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updated: 4/19/2013 5:16 PM

Sharp sci-fi thriller about memories forgets characters, not action

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  • Julia (Olga Kurylenko) and Jack (Tom Cruise) recreate a memory atop a post-apocalyptic Empire State Building in Joseph Kosinski's science-fiction thriller "Oblivion."

      Julia (Olga Kurylenko) and Jack (Tom Cruise) recreate a memory atop a post-apocalyptic Empire State Building in Joseph Kosinski's science-fiction thriller "Oblivion."

  • Jack (Tom Cruise) goes into action mode -- again -- in the futuristic thriller "Oblivion."

      Jack (Tom Cruise) goes into action mode -- again -- in the futuristic thriller "Oblivion."

  • Video: "Oblivion" trailer

 
 

I knew nothing about Joseph Kosinski's science fiction thriller "Oblivion" when I sat down for a press screening Tuesday at the Navy Pier IMAX Theater in Chicago.

I just quietly hoped it would not be another one of those futuristic capers in which the hero discovers that the evil rebels/subversives/terrorists he's fighting against are really the good guys, and the hero's seemingly beneficent employers/government/peers are revealed to be the baddies.

That, and Morgan Freeman doesn't pop up again as a wise old sage spouting philosophical nuggets of inspiration.

But it was. And he does.

(At least it's not another one of those futuristic capers in which the hero searches for a mystical safe place called Sanctuary/Haven/Utopia.)

These revelations won't ruin "Oblivion" for anyone. First, seasoned sci-fi buffs will see this plot coming light years away. Second, the plot is thicker than that.

The screenplay, by Karl Gajdusek and Michael DeBruyn (based on Kosinski's graphic novel, in turn based on a 2005 short story), serves up a hodgepodge of references to other science-fiction works ("Planet of the Apes," "WALL-E," "Total Recall") and even the sentimental romance "An Affair to Remember" starring Cary Grant and Deborah Kerr as lovers reuniting atop the Empire State Building.

That's where Jack Harper (Tom Cruise) constantly dreams of meeting a slinky woman ("Quantum of Solace" star Olga Kurylenko) next to one of those pay-per-view binoculars.

But let's start at the beginning, shall we?

The lazy screenplay uses Jack's voice-over narration to lecture us about what's happened before the year 2077.

1. Aliens attacked Earth, first by destroying our moon, thereby throwing our environment into apocalyptic chaos.

2. We nuked the poop out of the aliens (presumably with North Korea's help) and saved humanity, but we rendered our planet uninhabitable, so we shipped off most of Earth's population to Titan, a moon near Saturn.

Those who remain get their memories wiped. For security.

3. Now renegade aliens called scavengers (or "scavs") roam the Earth, trying to kill Jack as he repairs a fleet of security drones designed to keep the scavs at bay (i.e. shoot them to literal pieces).

This is a really dumb, superfluous chunk of exposition because later in the movie, Jack has to repeat it all to slinky Julia (Kurylenko) after she awakens from a 60-year nap in suspended animation.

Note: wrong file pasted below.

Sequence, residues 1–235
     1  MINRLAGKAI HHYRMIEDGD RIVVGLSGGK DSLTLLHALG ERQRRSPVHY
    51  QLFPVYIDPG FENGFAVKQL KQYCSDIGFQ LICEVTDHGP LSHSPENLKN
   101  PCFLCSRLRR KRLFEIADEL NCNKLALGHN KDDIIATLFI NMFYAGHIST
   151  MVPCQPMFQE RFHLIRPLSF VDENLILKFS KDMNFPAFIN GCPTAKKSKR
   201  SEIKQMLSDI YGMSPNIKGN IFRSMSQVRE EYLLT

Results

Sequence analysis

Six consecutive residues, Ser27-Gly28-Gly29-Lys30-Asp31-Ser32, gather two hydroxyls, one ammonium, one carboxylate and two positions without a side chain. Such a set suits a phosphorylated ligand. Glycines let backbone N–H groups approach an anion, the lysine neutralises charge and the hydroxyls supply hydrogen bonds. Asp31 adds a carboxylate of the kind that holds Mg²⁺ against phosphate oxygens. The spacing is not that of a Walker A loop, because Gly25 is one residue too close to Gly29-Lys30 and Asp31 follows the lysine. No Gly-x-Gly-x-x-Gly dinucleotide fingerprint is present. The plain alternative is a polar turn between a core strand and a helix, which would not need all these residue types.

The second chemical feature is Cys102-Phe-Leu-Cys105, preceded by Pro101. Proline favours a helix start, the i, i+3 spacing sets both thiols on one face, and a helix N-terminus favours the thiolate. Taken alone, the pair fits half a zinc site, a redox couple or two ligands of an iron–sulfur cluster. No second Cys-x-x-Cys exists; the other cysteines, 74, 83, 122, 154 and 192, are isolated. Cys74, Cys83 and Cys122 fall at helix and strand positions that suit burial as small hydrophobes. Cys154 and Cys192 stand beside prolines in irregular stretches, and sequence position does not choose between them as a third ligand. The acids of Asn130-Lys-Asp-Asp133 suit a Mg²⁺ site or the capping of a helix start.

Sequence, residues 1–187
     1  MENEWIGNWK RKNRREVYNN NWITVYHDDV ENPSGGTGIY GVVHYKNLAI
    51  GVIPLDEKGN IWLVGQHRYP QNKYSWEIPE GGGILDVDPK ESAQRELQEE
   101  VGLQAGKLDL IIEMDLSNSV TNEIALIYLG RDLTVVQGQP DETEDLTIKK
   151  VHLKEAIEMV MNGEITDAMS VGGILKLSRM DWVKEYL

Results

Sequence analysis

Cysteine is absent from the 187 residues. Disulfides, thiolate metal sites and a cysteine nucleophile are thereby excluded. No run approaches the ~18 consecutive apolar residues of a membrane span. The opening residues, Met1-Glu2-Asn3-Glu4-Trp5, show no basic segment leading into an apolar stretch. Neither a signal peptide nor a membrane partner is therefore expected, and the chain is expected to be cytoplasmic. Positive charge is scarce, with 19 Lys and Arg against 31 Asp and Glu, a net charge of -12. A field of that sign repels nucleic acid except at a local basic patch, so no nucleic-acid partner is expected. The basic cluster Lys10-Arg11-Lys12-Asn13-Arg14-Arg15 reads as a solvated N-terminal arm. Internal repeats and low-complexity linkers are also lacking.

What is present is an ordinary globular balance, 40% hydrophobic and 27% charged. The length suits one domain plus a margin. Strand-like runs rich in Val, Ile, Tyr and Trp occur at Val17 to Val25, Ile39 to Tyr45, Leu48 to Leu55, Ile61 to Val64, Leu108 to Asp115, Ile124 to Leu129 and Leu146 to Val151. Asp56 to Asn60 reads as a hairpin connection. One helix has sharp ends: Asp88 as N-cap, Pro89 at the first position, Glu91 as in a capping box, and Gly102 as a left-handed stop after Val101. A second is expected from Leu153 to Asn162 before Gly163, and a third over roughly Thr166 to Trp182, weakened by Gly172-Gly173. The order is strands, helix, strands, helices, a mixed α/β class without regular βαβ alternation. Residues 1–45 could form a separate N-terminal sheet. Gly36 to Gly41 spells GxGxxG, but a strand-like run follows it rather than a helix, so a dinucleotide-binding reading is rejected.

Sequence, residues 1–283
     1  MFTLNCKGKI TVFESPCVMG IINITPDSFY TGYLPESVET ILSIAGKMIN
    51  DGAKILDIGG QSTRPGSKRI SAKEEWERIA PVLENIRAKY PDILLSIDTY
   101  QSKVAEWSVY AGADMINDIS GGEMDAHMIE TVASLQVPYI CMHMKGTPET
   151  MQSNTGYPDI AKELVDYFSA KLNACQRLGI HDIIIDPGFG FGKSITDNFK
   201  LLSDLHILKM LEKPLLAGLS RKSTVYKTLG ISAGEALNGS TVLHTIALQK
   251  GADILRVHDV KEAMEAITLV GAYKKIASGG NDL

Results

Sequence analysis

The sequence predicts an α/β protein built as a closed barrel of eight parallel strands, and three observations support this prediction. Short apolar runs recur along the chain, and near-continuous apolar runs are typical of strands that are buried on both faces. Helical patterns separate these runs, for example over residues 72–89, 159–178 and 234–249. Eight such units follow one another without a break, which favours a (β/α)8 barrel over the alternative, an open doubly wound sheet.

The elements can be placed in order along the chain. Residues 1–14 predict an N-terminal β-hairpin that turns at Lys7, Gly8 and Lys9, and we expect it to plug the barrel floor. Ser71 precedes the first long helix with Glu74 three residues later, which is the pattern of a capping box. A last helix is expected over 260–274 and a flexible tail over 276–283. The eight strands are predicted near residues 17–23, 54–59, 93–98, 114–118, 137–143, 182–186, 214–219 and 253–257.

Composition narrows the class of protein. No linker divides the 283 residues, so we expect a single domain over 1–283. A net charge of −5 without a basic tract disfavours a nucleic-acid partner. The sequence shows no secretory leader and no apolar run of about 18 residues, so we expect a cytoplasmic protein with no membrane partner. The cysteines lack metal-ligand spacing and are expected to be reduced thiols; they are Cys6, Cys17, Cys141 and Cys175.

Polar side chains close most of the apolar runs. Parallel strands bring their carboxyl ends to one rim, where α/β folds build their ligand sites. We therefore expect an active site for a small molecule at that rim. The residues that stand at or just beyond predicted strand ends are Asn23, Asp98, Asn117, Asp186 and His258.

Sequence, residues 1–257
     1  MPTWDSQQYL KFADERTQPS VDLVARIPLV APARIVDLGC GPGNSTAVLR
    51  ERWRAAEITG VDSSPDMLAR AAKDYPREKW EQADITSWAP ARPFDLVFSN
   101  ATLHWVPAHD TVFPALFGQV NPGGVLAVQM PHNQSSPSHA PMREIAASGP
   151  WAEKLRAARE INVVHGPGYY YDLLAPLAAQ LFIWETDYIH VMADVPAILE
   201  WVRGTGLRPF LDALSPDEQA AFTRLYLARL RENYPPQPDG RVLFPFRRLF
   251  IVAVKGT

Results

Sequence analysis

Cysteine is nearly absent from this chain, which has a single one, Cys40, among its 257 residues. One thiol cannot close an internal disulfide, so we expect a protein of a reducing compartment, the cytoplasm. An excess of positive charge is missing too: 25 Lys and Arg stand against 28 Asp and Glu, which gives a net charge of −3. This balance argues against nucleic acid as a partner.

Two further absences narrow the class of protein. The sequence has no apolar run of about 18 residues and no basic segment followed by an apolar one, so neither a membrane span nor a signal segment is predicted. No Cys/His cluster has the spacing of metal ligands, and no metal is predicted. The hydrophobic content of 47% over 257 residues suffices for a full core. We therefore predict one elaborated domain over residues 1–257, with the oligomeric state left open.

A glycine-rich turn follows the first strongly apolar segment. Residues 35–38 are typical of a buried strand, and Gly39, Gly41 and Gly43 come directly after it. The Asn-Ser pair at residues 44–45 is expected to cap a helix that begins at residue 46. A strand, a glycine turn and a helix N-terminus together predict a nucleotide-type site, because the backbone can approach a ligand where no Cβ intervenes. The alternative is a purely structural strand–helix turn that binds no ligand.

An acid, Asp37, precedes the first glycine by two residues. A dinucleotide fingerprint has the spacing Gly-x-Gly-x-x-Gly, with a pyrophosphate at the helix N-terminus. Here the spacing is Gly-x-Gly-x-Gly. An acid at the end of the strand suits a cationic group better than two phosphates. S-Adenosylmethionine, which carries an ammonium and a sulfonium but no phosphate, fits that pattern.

The arrival of Julia disturbs Jack's partner and lover, the luscious, British-accented Vika (Andrea Riseborough). She lives with Jack in a posh, suspended-in-the-sky Hollywood penthouse home with a transparent swimming pool where they can swim naked.

Why does Julia's arrival panic Vika? Why does Jack see Julia in his dreams? The answers are worth waiting for, despite that the movie's over-fueled action sequences and flamboyant sets get more attention than the characters.

Kosinski, director of the technically impressive but dramatically flaccid sequel "Tron: Legacy," directs a technically impressive but dramatically diminishing thriller in "Oblivion."

Photographed by Oscar-winning cinematographer Claudio "Life of Pi" Miranda, "Oblivion" comes out of the starting stargate on full warp speed with astonishing visual effects (flawlessly integrated with live action footage), superb sound effects editing and a pulsating, electronic score by M83 that explodes with energy and drive before slowly succumbing to bombastic repetition.

Two effects deserve technical kudos: Jack's transport craft, apparently inspired by the movements of a wasp; and the deadly drones -- mechanical versions of those malicious organic bubbles from the cult TV series "The Prisoner." Nasty pieces of work.

The role of Jack requires Cruise to do little more than recycle his "Mission: Impossible" agent Ethan Hunt, and he acquits himself nicely.

Riseborough, armed with killer lips and silver-dollar eyes, turns in a radiant performance as Vika, pumping the character with surprising and welcome amounts of sex appeal and raw emotions.

Yet, the best performance in "Oblivion" belongs to the amazing Melissa Leo as the Southern-drawlin' Sally, Jack and Vika's artificially peppy supervisor crammed with so much personality that she threatens to bust right out of her tiny TV screen.

Note: The huge IMAX images work well for the 4-K digital effects sequences in "Oblivion." Not so much for close-ups that are really close.

The tight shot of Cruise's bleeding nose? Way too close.

You've been warned.

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